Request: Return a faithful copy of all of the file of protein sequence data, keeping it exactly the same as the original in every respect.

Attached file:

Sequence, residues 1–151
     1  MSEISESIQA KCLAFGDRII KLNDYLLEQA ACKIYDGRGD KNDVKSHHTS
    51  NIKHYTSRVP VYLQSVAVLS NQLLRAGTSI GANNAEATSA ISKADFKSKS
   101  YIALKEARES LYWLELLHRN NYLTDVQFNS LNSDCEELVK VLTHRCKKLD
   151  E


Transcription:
Sequence, residues 1–151
     1  MSEISESIQA KCLAFGDRII KLNDYLLEQA ACKIYDGRGD KNDVKSHHTS
    51  NIKHYTSRVP VYLQSVAVLS NQLLRAGTSI GANNAEATSA ISKADFKSKS
   101  YIALKEARES LYWLELLHRN NYLTDVQFNS LNSDCEELVK VLTHRCKKLD
   151  E